This story appears in my collection Overclocked: Stories of the Future Present, 2007
This is a riff on the way that property-rights are coming to games, and on the bizarre spectacle of sweat-shops in which children are paid to play the game all day in order to generate eBay-able game-wealth. When I was a kid, there were arcade kings who would play up Gauntlet characters to maximum health and weapons and then sell their games to nearby players for a dollar or two — netting them about $0.02 an hour — but this is a very different proposition indeed.
There are a lot of firsts in this story:
- It’s the first story I’ve written since moving to the UK, and the story is told from the point of view of an English girl
- It’s the first in a series of stories I’m writing that riff on the titles of famous SF novels and stories (this one is a play on Orson Scott Card’s “Ender’s Game” — also coming are “I, Robot,” “The Man Who Sold the Moon,” “Jeffty is Five,” and “True Names” — this last with Ben Rosenbaum). This started as a response to Ray Bradbury’s assertion that Michael Moore was a “thief” and a “horrible human being” for using the word “Fahrenheit” in the title of his last movie — but now I’m just finding it fun to deconstruct the stories of the writers who came before me.
- It’s the first story that Salon has ever published under a Creative Commons license — which means that you can put it on a P2P network or email it to a friend without running afoul of the law.
I’m really proud of this one: I read it to an audience at the WorldCon last September and the response was really warm and enthusiastic.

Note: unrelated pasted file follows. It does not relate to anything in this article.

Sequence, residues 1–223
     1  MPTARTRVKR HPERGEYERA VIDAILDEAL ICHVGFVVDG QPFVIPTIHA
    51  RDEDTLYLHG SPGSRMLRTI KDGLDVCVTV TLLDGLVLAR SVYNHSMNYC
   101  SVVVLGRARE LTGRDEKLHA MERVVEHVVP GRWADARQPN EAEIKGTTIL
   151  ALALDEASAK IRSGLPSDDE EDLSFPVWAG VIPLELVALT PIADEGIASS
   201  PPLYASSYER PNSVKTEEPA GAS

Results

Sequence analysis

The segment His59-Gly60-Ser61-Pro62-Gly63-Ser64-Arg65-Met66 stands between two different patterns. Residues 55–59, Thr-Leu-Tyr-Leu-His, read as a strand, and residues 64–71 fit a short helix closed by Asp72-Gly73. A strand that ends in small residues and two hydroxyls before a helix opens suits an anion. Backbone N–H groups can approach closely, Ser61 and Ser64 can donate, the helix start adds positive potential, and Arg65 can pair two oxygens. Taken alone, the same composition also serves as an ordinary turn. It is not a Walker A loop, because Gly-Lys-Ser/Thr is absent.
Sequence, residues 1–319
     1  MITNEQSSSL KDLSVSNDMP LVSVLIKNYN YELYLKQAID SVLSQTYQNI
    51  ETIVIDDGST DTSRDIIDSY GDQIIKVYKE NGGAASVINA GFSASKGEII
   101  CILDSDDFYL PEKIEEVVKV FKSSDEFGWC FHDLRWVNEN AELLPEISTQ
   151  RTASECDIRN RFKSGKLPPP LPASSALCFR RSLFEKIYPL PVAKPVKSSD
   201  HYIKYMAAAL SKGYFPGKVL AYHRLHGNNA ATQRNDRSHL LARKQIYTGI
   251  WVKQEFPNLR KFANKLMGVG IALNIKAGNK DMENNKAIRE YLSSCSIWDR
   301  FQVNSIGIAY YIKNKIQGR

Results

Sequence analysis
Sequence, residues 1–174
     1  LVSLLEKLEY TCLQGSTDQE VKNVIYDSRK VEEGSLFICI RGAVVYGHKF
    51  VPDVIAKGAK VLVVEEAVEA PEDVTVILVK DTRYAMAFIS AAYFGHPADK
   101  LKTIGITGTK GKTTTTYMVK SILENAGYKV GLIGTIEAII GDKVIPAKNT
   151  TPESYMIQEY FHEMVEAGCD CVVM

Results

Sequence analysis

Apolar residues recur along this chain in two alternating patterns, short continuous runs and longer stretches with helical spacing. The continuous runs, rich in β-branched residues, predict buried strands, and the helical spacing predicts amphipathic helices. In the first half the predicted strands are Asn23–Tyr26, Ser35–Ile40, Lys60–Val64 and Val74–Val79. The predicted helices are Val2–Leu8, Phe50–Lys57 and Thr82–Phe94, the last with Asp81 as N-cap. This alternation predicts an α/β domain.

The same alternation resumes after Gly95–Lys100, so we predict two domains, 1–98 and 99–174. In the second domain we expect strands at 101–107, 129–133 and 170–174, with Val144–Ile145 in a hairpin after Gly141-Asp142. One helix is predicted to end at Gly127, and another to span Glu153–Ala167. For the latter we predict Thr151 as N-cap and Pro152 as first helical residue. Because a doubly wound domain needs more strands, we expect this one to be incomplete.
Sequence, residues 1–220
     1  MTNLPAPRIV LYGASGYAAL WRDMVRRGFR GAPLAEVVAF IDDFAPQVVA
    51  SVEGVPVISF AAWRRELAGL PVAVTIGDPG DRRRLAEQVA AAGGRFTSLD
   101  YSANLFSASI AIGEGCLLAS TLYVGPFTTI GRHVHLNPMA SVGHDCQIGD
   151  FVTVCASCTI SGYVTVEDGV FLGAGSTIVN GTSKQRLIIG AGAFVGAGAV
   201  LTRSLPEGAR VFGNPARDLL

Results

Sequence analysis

Anda didn’t really start to play the game until she got herself a girl-shaped avatar. She was 12, and up until then, she’d played a boy-elf, because her parents had sternly warned her that if you played a girl you were an instant perv-magnet. None of the girls at Ada Lovelace Comprehensive would have been caught dead playing a girl character. In fact, the only girls she’d ever seen in-game were being played by boys. You could tell, cos they were shaped like a boy’s idea of what a girl looked like: hooge buzwabs and long legs all barely contained in tiny, pointless leather bikini-armour. Bintware, she called it.
But when Anda was 12, she met Liza the Organiza, whose avatar was female, but had sensible tits and sensible armour and a bloody great sword that she was clearly very good with. Liza came to school after PE, when Anda was sitting and massaging her abused podge and hating her entire life from stupid sunrise to rotten sunset. Her PE kit was at the bottom of her school-bag and her face was that stupid red colour that she hated and now it was stinking maths which was hardly better than PE but at least she didn’t have to sweat.
But instead of maths, all the girls were called to assembly, and Liza the Organiza stood on the stage in front of Miss Cruickshanks the principal and Mrs Danzig, the useless counsellor.
“Hullo chickens,” Liza said. She had an Australian accent. “Well, aren’t you lot just precious and bright and expectant with your pink upturned faces like a load of flowers staring up at the sky?”
“Warms me fecking heart it does.”